I love Florida, but this week made me really glad we no longer live there. I don't think my nerves could deal with the gyrations of the stock market and a tropical storm.
Hurricanes and the financial markets share a lot of similarities.
There are global implications and instigators in both phenomena. Tropical Storm Erika, now pounding the northern Caribbean, started off the west coast of Africa. It was China's market meltdown that led to this week's U.S. stock drops.
And while you can get a general handle on where your investments or a storm system might go, both sometimes take off on their own, confounding you and all your plans.
Unpredictable Erika: That's definitely the case right now with Erika.
The east coast of Florida was on high alert early this week, with my old Palm Beach County stomping grounds an early landfall target.
Then Erika shifted east and it looked like the storm would just graze the peninsula. Then she wobbled back west, putting the center of the Sunshine State in the cross hairs.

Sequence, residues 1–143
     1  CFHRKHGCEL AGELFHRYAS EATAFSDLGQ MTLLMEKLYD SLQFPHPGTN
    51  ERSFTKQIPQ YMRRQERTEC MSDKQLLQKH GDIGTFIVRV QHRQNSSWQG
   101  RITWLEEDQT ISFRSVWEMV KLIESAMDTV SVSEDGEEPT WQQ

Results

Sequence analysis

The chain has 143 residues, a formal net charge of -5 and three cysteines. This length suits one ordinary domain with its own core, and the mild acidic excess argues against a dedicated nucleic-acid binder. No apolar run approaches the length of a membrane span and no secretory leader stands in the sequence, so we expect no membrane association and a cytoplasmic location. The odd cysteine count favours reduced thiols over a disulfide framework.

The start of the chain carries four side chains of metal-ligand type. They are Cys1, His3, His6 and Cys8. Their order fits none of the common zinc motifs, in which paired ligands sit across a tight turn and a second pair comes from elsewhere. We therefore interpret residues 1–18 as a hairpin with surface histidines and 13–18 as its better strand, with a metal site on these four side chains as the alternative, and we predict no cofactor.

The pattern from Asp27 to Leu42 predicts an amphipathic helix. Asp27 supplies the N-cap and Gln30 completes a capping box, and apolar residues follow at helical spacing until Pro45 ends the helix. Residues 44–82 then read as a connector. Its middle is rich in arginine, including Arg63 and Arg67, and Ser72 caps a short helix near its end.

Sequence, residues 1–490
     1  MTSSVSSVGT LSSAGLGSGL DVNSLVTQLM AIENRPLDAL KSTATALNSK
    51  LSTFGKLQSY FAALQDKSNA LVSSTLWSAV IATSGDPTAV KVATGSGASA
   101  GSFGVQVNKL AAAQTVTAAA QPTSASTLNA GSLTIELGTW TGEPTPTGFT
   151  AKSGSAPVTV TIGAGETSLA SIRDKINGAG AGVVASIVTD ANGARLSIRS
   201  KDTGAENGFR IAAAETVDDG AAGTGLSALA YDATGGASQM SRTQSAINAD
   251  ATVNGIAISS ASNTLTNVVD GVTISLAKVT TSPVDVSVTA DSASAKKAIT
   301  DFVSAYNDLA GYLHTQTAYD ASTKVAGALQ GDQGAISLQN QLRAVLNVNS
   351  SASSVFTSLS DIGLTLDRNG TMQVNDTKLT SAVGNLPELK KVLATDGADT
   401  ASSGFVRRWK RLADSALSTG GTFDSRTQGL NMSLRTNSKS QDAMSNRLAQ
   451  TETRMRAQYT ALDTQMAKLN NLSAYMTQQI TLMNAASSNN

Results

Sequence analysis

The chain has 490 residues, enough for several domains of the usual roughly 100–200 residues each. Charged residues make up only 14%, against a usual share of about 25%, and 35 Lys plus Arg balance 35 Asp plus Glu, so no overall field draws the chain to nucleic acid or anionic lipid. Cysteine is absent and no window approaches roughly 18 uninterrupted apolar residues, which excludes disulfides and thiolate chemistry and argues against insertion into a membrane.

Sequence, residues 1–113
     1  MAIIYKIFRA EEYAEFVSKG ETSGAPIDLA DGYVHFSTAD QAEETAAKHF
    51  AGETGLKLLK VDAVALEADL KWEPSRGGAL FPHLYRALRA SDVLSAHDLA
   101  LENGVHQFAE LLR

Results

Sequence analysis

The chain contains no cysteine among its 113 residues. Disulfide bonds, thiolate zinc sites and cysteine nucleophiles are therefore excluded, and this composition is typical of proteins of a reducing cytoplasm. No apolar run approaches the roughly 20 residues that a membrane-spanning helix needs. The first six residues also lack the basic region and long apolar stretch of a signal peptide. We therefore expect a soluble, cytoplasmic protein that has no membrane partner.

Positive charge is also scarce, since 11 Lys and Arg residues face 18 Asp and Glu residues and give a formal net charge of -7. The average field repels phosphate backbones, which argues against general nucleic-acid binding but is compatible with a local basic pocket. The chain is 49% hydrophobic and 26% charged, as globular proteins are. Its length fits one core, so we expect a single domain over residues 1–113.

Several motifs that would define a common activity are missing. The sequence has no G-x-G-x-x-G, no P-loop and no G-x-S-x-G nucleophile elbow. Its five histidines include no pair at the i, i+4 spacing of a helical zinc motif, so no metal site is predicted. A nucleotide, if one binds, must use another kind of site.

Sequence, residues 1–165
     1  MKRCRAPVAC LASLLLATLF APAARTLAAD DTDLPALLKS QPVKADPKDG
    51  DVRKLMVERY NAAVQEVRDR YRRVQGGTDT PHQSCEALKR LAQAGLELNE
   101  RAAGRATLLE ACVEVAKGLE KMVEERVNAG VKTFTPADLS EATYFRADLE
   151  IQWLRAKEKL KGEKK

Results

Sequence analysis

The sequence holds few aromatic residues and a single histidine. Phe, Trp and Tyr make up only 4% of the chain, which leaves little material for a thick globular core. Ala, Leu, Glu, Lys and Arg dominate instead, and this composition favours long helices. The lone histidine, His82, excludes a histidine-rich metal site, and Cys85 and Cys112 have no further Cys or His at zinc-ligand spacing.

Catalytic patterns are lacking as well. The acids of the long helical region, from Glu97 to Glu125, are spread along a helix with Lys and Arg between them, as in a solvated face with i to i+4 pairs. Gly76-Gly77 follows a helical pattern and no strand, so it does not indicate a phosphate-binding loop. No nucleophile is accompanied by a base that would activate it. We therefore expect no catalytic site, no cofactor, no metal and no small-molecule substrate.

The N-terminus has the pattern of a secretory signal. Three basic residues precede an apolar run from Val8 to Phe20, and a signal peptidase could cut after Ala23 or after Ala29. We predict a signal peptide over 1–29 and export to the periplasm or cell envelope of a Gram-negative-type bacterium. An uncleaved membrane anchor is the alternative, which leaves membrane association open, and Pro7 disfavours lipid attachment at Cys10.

Now, Erika has decided to head due west for a while.
See, just as frenetic as the stock markets!
Will the new move westward mean that the Gulf Coast of Florida will take the hardest hit? Or could the wobble push her fully into the Gulf of Mexico next week, as some models now show?
Or will the mountains of Hispañola tear Erika apart completely? We just don't know.
Florida officials aren't taking any chances, especially since the storm has claimed 12 lives so far. The Sunshine State governor has declared a state of emergency.
With or without official action, the best any of us can do is prepare for the worst. Just in case. And soon. Like now.
Pacific threats, too: That same advice goes for folks in Hawaii.
As the Weather Channel screen shot below shows, there are three tropical systems in the Pacific right now, with Hurricane Ignacio, a category 1 storm, heading uncomfortably close to our 50th state.
And don't think you're off the dangerous weather hook just because you don't live in a coastal area during hurricane season. After the storms make landfall, they travel inland, often bringing devastating floods.
Plus, there are myriad natural disasters that can strike anywhere, any time.
You can find lots of information on how to prepare, both physically and financially -- including tax help if you are a storm victim -- for any natural catastrophe at the ol' blog's special Natural Disasters Resources page.
Check it out. Be ready. Stay safe.